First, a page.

Crash is very angular. There's an expressiveness that came with him. Naughty Dog's original inspiration was Looney Tunes so we wanted to go back to that source, and make sure that the model we were creating had the capabilities to push that type of aesthetic, to get that Chuck Jones look in our character.

Then we've got a very specific aesthetic that we apply more broadly to the entire world, and the way in which we utilize the game engine's renderer. So for us, to get into that art direction side of things, we wanted to make sure that our shapes were really really bold, and clear, and we want to play with those in really zany ways. We want to reduce the amount of texture and high frequency texture detail so that you have more pleasing, softer gradients that are just easier on the eyes.

So we learned a lot from the Reignited Trilogy in terms of "How do you keep reverence to the original design that came before us, but still providing something new that sparks some freshness to balance the familiarity at the same time".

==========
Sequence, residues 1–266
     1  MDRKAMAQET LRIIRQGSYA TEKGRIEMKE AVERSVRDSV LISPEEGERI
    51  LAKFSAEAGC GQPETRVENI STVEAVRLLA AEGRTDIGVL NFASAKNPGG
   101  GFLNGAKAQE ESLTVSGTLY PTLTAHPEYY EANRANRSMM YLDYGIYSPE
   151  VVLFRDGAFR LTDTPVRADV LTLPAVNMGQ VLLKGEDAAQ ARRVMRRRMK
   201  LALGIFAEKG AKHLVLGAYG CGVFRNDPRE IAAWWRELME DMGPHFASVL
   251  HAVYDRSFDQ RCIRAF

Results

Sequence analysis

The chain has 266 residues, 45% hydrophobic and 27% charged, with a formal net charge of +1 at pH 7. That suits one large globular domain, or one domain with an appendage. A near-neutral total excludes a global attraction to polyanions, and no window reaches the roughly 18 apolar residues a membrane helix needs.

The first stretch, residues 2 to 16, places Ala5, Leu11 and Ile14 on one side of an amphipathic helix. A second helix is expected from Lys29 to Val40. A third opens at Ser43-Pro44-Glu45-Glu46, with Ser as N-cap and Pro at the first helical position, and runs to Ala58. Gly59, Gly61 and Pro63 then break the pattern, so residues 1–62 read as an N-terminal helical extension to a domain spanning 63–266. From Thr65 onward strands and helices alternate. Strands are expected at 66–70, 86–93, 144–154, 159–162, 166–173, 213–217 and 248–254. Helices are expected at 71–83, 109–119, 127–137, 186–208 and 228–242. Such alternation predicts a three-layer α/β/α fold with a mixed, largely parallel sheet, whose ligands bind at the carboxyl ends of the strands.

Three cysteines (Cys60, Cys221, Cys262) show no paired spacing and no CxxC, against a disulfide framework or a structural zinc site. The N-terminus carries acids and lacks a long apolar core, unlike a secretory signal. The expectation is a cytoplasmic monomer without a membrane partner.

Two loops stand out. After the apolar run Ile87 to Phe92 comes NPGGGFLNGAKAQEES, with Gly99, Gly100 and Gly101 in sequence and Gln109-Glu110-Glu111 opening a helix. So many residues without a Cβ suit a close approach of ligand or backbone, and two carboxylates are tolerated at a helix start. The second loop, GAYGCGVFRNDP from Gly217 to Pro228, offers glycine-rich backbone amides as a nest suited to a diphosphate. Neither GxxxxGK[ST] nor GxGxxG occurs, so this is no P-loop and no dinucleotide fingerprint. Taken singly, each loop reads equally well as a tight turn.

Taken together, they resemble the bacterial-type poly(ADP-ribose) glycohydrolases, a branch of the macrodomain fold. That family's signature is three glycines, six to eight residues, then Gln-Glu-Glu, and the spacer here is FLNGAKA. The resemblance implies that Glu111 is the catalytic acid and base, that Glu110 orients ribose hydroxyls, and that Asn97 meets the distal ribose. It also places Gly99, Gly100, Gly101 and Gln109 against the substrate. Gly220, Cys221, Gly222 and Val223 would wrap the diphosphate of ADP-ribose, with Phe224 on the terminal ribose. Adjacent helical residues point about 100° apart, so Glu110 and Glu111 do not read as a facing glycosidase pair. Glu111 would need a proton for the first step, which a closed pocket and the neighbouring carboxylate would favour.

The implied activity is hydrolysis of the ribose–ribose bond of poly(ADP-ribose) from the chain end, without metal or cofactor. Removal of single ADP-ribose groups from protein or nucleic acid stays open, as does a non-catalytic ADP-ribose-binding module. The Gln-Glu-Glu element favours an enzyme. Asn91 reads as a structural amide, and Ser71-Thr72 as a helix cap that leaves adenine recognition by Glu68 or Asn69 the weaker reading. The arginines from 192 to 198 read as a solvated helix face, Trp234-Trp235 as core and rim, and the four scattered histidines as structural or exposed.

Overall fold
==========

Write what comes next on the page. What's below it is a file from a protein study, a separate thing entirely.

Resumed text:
CGE: Crash is known for his jumping, and his spinning, and the basic platforming, but are there going to be new elements added to the game?

Paul: Don't forget the Slide and the Belly Slam and all the classic Crash moves! All those are going to be in the game, too, but he's also learned a couple more locomotive tricks!

There's going to be wall running, there's going to be rail grinding, and he's going to have some timing challenges with rope swings as well.

Quantum Masks are a huge focus in this game -- Now that Cortex, N.Tropy and Uka Uka have torn a hole in the fabric of the Multiverse, the way to restore balance is to reunite the four Quantum Masks. Each of them, as they're collected, grant Crash and Coco new locomotion abilities.

The two we're talking about today are the Time Mask, Kapunala, who gives Crash the ability to slow down time to a crawl to get past really fast hazards, and also to get past Nitro Crates.